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Unplanned adventures in fire science, engineering, and regulation

Event organised by Ingenieurs et Scientifique de France

30 April 2024
18:00 - 19:00 BST (GMT+1)
The Caledonian Club
9 Halkin Street
London, SW1X 7DR
United Kingdom

This event has now ended

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Join us for this exciting and thought-provoking lecture. Professor Bisby explains how scientists and engineers must undertake in-depth investigations into the causes and effects of fire disasters to learn lessons and inform both the revision and development of regulations.

At about 9.00 am on a Tuesday morning in September 2001, shortly after arriving at his office at Queen’s University, in the small town of Kingston, Canada, a 2nd-year structural engineering Ph.D. student received a phone call from his then fiancée. A Boeing 767 had crashed into one of the World Trade Center towers in Manhattan.

He turned on CNN. Three minutes later, a second plane crashed into the other tower. For the next few hours, the young man – whose PhD project happened to be on the fire-induced collapse of vertical load-supporting elements in buildings – watched in disbelief as both World Trade Center towers burned, and then, inconceivably, collapsed completely, killing 2,763 people. He had to understand how this had happened.

Sixteen years later, at about 6.00 am on a Wednesday morning in June 2017, that same (albeit less young) man – now a professor of fire and structures in the UK’s leading academic fire safety engineering research centre – awoke, in a hotel room in Lund, Sweden, to a continuous stream of phone calls, emails, and text messages.

A residential tower block in central London was on fire. He turned on the BBC and watched in disbelief as the building became almost entirely engulfed in flames. 72 people would lose their lives. He had to understand how this had happened.

If you wish to attend, please email [email protected] to book your space.

Organised by

Ingenieurs et Scientifiques de France British Section

Ingenieurs et Scientifiques de France British Section

The British Section of IESF, a French Learned Society with branches worldwide, is dedicated to linking Anglo-French engineering and science.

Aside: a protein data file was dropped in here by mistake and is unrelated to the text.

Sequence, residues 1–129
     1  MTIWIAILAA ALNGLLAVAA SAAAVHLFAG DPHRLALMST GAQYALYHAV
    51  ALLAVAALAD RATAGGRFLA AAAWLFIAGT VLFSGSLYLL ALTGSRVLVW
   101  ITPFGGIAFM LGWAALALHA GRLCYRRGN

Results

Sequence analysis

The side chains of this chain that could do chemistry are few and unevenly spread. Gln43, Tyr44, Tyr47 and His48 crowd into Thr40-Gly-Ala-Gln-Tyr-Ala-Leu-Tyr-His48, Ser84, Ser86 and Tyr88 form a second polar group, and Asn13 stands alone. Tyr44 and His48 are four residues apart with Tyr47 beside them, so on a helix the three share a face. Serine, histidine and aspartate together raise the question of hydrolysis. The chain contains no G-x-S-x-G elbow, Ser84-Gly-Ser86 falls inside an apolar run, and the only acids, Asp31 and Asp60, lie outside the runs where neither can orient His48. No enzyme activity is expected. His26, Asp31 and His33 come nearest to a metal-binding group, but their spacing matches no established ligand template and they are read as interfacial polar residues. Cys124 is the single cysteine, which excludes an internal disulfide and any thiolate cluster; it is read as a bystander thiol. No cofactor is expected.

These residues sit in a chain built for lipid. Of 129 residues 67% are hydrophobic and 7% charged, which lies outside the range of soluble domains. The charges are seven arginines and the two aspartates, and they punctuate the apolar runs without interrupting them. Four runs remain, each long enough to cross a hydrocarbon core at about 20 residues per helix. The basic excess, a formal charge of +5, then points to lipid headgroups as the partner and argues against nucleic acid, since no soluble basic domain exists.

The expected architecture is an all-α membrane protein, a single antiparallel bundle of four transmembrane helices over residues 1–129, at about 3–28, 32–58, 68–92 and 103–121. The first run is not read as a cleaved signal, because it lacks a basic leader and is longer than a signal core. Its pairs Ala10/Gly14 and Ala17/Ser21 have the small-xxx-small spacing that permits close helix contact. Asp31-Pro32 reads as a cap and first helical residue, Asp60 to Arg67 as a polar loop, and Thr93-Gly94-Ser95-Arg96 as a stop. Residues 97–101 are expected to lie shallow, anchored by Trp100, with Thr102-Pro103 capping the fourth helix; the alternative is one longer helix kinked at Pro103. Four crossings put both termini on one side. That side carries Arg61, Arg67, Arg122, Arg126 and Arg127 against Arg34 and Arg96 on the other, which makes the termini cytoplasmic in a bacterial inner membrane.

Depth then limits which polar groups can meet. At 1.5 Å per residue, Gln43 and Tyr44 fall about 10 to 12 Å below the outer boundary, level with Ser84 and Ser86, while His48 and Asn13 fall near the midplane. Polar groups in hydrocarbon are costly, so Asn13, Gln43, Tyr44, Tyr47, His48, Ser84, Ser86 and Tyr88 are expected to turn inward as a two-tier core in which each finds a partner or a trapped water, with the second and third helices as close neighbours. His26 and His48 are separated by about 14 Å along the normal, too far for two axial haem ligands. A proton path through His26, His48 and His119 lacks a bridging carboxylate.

17:30 - 18:00

Tea and coffee

18:00 - 19:00


19:00 - 19:30

Lecture ends, followed by a drinks reception


Luke Bisby

Luke Bisby

School of Engineering, University of Edinburgh

personal chair of fire and structures and director of discipline for civil and environmental engineering

Read more

Luke Bisby

Prof Luke Bisby is personal chair of fire and structures, and director of discipline for civil and environmental engineering within the School of Engineering at The University of Edinburgh. He is co-editor-in-chief of Fire Safety Journal (Elsevier) and has extensive experience in fire safety and structural engineering research and consultancy, instruction as expert witness, university teaching and administration, promotion of public understanding of science and engineering, and wide-ranging professional activities.

As a leading fire safety expert whose work has been particularly influential at the interface between structural engineering and fire safety engineering, Luke advises industrial and government fire safety research organisations and regulatory bodies internationally. He is a Fellow of the Royal Academy of Engineering, the Institutions of Fire Engineers and Structural Engineers, and the Royal Society of Edinburgh. 

For the past 6+ years, Luke has been instructed as expert witness to the Grenfell Tower Inquiry. His work for the Inquiry has included a detailed forensic study of the external fire at Grenfell Tower, a large programme of experiments to identify and characterise the reaction-to-fire and system behaviours of materials and products used within Grenfell Tower’s external cladding system, and a detailed historical study of fire safety regulation, testing, and previous cladding fires in the UK.

For more information please contact:

Shelly-Ann Russell

Sustainable Development Goals: